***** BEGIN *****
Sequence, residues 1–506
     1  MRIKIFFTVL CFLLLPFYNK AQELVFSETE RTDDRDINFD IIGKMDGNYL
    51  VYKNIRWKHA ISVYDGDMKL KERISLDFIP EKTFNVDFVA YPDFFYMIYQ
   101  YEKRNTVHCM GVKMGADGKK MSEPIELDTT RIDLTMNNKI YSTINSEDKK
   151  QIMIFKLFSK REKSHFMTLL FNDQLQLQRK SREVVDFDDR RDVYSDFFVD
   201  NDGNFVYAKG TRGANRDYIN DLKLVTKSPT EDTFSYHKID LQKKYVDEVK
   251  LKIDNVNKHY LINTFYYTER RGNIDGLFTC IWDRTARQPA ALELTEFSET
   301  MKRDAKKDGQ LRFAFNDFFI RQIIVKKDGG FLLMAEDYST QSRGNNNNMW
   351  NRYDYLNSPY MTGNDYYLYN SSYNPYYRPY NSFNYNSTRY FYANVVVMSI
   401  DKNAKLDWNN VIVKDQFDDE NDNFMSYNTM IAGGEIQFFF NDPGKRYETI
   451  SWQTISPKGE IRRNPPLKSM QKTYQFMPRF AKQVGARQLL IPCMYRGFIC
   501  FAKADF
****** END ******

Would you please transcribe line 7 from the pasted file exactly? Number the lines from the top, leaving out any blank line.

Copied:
   251  LKIDNVNKHY LINTFYYTER RGNIDGLFTC IWDRTARQPA ALELTEFSET